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Main > Fairy tale > All authors > Frank Baum > Fairy tale "Aunt Jane's Nieces"

Aunt Jane's Nieces

Mr. Watson also arranged

with the son of the village curate to tutor Kenneth and prepare him

for college; but either the tutor was incompetent or the pupil did not

apply himself, for at twenty Kenneth Forbes was very ignorant, indeed,

and seemed not to apply himself properly to his books.

He was short of stature and thin, with a sad drawn face and manners

that even his staunch friend, Silas Watson, admitted were awkward and

unprepossessing. What he might have been under different conditions or

with different treatment, could only be imagined. Slowly climbing the

stairs to the little room Kenneth inhabited, Mr. Watson was forced to

conclude, with a sigh of regret, that he could not blame Miss Jane

for wishing to find a more desirable heir to her estate than this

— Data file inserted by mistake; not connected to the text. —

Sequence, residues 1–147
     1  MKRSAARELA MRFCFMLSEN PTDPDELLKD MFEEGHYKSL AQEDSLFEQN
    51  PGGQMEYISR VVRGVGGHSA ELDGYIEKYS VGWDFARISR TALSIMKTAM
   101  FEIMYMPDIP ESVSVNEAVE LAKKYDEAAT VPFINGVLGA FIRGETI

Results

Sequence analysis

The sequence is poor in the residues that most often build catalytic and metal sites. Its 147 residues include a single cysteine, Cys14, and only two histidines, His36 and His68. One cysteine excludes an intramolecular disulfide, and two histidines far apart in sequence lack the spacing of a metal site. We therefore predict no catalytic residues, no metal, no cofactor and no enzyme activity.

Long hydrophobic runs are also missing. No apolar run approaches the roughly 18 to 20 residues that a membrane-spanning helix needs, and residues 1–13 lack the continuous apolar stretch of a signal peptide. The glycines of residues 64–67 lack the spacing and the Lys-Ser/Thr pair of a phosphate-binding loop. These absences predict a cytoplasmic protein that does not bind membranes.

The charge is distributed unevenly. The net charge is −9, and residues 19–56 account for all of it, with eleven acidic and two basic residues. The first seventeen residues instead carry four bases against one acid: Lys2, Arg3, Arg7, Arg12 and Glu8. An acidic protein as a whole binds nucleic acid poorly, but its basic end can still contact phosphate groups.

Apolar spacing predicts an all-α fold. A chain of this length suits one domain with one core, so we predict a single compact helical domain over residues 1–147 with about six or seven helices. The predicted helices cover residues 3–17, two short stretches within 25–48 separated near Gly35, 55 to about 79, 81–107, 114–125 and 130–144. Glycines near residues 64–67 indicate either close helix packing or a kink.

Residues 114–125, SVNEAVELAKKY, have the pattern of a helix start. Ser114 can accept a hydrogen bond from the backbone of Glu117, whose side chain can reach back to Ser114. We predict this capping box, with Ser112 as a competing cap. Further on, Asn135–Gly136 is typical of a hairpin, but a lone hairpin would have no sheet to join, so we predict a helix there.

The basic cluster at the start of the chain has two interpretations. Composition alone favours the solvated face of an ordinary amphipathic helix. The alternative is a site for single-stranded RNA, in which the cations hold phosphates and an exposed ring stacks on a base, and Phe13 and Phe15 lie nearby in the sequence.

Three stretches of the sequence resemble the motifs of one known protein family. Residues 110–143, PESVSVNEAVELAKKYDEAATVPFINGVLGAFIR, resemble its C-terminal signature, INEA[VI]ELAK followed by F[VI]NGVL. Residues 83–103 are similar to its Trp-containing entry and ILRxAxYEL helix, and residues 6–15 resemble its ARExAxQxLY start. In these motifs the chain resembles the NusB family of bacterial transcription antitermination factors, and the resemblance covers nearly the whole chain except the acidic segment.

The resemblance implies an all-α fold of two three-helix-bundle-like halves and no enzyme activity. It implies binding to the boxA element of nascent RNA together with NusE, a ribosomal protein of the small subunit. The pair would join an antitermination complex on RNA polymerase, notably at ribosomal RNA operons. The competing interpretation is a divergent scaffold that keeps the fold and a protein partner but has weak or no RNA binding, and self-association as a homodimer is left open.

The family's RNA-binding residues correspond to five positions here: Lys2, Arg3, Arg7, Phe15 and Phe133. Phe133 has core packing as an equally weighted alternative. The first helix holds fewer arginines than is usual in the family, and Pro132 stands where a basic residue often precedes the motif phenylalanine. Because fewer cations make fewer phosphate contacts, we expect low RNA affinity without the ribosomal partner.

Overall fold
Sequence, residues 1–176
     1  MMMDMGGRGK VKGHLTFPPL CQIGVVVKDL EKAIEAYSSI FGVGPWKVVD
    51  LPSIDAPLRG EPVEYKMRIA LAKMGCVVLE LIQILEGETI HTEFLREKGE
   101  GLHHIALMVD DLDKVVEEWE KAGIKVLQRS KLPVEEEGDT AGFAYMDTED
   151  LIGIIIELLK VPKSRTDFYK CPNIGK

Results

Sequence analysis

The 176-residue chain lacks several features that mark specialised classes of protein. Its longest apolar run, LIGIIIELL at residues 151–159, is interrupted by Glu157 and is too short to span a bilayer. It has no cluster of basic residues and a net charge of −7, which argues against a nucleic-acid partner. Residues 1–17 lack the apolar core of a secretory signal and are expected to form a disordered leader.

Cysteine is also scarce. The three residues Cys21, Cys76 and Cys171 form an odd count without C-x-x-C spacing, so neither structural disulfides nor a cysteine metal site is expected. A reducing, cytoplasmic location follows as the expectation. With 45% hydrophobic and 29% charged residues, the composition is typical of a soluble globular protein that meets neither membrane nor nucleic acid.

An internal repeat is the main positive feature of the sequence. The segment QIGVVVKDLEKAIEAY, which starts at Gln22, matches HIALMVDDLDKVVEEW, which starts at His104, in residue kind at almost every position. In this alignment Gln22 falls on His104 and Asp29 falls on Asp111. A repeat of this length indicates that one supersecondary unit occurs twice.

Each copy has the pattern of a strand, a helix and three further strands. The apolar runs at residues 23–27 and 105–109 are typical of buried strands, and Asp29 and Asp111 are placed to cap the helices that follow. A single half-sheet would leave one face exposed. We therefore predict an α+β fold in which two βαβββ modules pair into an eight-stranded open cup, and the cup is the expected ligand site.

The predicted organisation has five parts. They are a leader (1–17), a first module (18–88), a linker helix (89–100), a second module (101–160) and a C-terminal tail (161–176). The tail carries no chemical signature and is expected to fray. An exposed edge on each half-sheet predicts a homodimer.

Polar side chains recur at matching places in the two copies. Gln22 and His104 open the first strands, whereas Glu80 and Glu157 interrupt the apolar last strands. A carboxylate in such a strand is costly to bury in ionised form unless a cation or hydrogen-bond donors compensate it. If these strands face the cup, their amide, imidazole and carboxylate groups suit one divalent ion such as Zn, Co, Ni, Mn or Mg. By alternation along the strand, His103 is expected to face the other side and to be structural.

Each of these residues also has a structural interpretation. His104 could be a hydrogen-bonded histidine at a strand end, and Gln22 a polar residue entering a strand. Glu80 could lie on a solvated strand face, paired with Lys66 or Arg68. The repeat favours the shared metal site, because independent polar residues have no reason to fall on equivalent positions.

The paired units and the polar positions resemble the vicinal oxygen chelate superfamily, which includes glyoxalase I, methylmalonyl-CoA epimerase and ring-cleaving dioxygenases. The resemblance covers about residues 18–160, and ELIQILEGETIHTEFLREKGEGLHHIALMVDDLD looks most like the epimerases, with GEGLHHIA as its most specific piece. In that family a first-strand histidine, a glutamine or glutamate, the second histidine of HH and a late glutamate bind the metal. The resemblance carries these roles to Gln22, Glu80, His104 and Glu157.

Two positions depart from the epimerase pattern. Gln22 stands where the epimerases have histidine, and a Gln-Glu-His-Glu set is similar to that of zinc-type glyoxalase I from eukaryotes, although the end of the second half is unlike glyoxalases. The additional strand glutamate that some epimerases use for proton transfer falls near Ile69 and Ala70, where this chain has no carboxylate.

graceless, sullen youth who had been thrust upon her by a thoughtless

request contained in the will of her dead lover--a request that she

seemed determined to fulfil literally, as it only required her to

"look after" Tom's relatives and did not oblige her to leave Kenneth

her property.

Yet, strange as it may seem, the old lawyer was exceedingly fond of

the boy, and longed to see him the master of Elmhurst. Sometimes, when

they were alone, Kenneth forgot his sense of injury and dependence,

and spoke so well and with such animation that Mr. Watson was

astonished, and believed that hidden underneath the mask of reserve

was another entirely different personality, that in the years to come

might change the entire nature of the neglected youth and win for him

the respect and admiration of the world. But these fits of brightness

and geniality were rare. Only the lawyer had as yet discovered them.

Today he found the boy lying listlessly upon the window-seat, an open

book in his hand, but his eyes fixed dreamily upon the grove of huge

elm trees that covered the distant hills.

"Morning, Ken," said he, briefly, sitting beside his young friend and

taking the book in his own hand. The margins of the printed pages were

fairly covered with drawings of every description.

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